A member of the founding Ogilvie family on his mother's side, John has finally returned home after years "up North" to take up his place in the community and to marry the lovely Caroline Rose, the last unmarried daughter of the prominent Rose family in what Ogilvie residents regard as the wedding of the century. The town-rich with tradition and rife with gossip-is fascinated by the three Yankees, but when it seems as though sparks still fly between John and Angie, the townsfolk rally to protect their own.

From Monica Jackson's Review:
The book has a pleasing literary turn of phrase, the words don’t get in the way of the story. But it could have been more.

There is no black point of view in the book at all, which detracted for me. I know what it’s like being black in a small Southern town and it’s profoundly different from not being black. Miss Zula and her story was far more interesting than the central love story and it was glossed over, lost in the blinding whiteness of it all.

But don’t get me wrong, I enjoyed the book and give it a recommend. The author was correct in not taking on what she possibly couldn’t have been sure of pulling off–a black southern small town point of view.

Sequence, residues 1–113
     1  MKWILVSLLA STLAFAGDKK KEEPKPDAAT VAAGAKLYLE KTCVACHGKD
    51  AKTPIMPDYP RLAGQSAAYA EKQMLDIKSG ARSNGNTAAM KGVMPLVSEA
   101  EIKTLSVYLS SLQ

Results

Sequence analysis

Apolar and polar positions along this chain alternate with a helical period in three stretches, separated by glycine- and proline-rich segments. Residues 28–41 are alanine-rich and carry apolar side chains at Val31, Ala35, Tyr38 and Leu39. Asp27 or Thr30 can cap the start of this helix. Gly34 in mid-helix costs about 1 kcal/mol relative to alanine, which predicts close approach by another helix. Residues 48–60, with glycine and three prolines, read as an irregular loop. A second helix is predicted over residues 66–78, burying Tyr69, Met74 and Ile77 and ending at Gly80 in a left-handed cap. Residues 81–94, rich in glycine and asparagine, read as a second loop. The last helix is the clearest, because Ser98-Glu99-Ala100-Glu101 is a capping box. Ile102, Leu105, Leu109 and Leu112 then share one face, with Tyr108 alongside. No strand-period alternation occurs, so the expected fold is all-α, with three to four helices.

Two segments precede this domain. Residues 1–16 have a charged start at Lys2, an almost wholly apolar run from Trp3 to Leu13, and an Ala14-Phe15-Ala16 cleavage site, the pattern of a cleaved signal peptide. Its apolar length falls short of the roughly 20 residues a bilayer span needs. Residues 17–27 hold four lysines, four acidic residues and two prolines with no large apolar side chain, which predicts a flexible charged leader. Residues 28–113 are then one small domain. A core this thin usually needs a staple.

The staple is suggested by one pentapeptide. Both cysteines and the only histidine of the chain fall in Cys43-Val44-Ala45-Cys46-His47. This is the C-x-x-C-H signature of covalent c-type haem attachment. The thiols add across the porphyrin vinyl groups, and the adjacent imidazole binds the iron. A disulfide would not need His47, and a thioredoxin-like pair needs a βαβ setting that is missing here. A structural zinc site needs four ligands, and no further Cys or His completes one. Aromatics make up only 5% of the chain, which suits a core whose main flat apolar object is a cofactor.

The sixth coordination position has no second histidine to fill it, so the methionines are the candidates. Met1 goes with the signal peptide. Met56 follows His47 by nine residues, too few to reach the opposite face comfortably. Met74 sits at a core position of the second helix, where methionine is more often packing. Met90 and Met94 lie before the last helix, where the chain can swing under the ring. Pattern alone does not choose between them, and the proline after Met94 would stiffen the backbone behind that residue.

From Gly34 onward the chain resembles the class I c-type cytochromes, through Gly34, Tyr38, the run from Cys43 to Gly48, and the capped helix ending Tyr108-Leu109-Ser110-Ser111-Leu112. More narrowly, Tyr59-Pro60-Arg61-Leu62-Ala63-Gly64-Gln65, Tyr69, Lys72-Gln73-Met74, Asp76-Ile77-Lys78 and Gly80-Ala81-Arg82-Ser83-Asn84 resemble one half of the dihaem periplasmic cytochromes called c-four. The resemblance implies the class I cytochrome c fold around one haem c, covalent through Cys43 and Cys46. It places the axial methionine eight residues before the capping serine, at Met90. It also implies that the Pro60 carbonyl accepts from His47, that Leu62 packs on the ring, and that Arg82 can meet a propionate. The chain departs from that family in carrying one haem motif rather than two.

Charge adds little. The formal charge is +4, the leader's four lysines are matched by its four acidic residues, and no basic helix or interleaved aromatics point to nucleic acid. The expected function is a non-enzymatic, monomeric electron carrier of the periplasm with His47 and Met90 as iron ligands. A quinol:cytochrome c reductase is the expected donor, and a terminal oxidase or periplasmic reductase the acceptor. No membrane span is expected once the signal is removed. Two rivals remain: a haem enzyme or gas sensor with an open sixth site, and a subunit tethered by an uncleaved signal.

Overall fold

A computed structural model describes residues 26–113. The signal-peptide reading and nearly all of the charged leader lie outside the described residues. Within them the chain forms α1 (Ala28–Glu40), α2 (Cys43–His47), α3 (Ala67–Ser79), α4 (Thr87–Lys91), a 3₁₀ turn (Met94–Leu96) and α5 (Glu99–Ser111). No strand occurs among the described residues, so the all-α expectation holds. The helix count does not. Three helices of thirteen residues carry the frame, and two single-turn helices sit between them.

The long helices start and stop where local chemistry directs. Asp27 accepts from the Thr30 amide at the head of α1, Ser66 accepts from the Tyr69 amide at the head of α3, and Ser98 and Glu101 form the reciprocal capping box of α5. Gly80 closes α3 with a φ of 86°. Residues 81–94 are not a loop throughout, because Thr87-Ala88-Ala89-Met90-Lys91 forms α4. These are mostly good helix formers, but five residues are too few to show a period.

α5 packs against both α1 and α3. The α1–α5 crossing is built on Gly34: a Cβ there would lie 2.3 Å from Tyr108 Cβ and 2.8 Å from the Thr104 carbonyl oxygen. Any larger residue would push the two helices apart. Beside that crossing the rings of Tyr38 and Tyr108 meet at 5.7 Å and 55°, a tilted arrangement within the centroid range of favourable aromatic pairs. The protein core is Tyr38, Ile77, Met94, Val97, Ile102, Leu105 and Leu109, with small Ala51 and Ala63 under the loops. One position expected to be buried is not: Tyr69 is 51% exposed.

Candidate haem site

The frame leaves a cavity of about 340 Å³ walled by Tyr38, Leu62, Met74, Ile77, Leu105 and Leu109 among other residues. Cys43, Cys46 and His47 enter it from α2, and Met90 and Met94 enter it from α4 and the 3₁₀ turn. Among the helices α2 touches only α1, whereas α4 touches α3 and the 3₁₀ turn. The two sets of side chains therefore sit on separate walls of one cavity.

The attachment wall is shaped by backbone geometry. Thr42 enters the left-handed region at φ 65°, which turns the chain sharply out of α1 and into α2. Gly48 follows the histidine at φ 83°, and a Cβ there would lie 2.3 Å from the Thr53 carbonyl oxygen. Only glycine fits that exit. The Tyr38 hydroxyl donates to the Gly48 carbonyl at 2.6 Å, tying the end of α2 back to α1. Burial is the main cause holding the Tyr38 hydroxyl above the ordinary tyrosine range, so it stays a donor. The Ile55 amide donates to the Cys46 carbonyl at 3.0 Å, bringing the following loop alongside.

I had the hardest time writing a review for this book. As much as I liked it, I kept waiting for more. I wanted not only Miss Zula's back story, I wanted it from her POV. I wanted her sister's POV, I wanted more about her relationship with Miss Junie. As good as it was " could have been more."

PS Hopefully 4th time lucky and this time the damned post will go through.


jmc said...

I have Blood Secrets and Tied to the Tracks TBR. I haven't felt the urge to pull either off the stack. But I read The Leopard Prince over the weekend. I liked both characters, but I felt like the plot really fell apart in the second half of the book. And Georgina's two TSTL stunts near the end put her perilously close to being On Notice for me.

Jenster said...

I've vascillated about reading Tied to the Tracks. Sara Donati's "Wilderness" series is one of my favorites, but it's because of the strong historical theme. So I'm not sure. I really need to check out the local library here.

Tara Marie said...

jmc, George has her moments :) I can certainly see why she got so close to being On Notice--LOL

Jen, Tied to the Tracks was a library read for me too. I doubt I'll buy it when it goes mm, but it's an interesting read.

CindyS said...

I haven't decided about the newest Hoyt - I enjoyed her debut (?) but I'm not sure I'm sold - then I remember the sensuality of the book and wonder if I'm over judging. Will have to wait to see what others think but TSTL moments can make me fidget.

But the real question - whadya think of cable internet? I will never go back to dial up!


Tara Marie said...

Cindy, the TSTL stunts aren't horrible, but do extend the story a little, I thought it was still a good book.